A Kill-Switch is an extra security feature offered by many VPN providers. It is designed to prevent data from being transmitted insecurely in the event of an accidental VPN disconnect.
The prevents both snooping (the intercepting of unencrypted data packets) and IP leaks (data would ordinarily originate from your true IP address after the VPN disconnects).
In this article you’ll learn:
- What is a Kill-Switch?
- The two types of Kill-Switches (Application vs. System)
- How to create a kill-switch (if your provider doesn’t offer one)
- How to restore Internet Access after kill-switch activates
- Who needs a kill-switch anyway?
What is a Kill-Switch?
At its most basic level, a kill-switch is a simple program (or part of a program) designed specifically to monitor the connection status of a specific network adapter.
If it detects a change in connection status (or your IP address) it uses administrator privileges to instantly kill your access to the internet.
Kill-switches are often built into VPN software, as a safety mechanism to prevent any personally identifiable information from leaking in the event of a dropped VPN connection.
Why use a kill-switch?
Even though most stable VPN service will occasionally have a dropped connection. A kill-switch is the last line of defense to make sure you never transmit unencrypted data or accidentally expose your true IP address.
Most users won’t need this level of protection, but it’s always nice to have the option for people who are serious about their privacy.
The two types of kill-switch (App vs System)
There are two primary kill-switch types:
- System level kill-switch (most common)
- App level kill-switch (kills specific apps, not entire internet connection)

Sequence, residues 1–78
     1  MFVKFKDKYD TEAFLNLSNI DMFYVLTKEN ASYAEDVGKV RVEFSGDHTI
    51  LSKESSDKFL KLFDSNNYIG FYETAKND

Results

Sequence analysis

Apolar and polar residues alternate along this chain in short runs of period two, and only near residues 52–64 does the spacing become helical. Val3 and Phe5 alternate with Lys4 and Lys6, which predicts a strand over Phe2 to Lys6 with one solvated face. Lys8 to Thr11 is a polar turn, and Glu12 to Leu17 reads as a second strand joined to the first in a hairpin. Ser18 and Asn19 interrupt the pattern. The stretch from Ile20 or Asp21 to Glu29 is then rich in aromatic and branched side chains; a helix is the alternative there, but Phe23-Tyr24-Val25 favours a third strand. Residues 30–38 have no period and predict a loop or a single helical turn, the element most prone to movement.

Most VPNs include a system level kill-switch that will cut internet access to your entire system if the VPN connection fails. Some VPNs include both for greater flexibility/power.
System Level Kill Switch
This is the most simple and most common kill-switch variety. When activated, a system kill switch will completely cut internet access to the entire computer until the VPN reconnects or you reset the network adapter.
This is a brute-force method with little finesse, but it is quite effective at preventing IP leaks. Activating a this type of kill-switch is usually as simple as selecting 1 check box in your VPN software.
As you can see it’s quite simple to activate.
VPN Providers with System Level Kill-Switch
The App level kill switch lets you choose which specific programs will be closed when the kill-switch activates. In my opinion this is a more useful feature because it allows greater control of how the switch activates.
Common programs you may want kill:
- Web browser (chrome, firefox, safari…)
- Torrent Client (utorrent, Vuze, Deluge…)
Adding programs to the list is usually pretty simple. Below is an example from Torguard’s software.
There are only a few VPN providers that feature an application kill-switch…
How to create your own Kill-Switch
Even if your VPN provider doesn’t offer a kill switch, you can still build your own with the help of some free software. You can create either a system or app-level kill switch based on the method you use.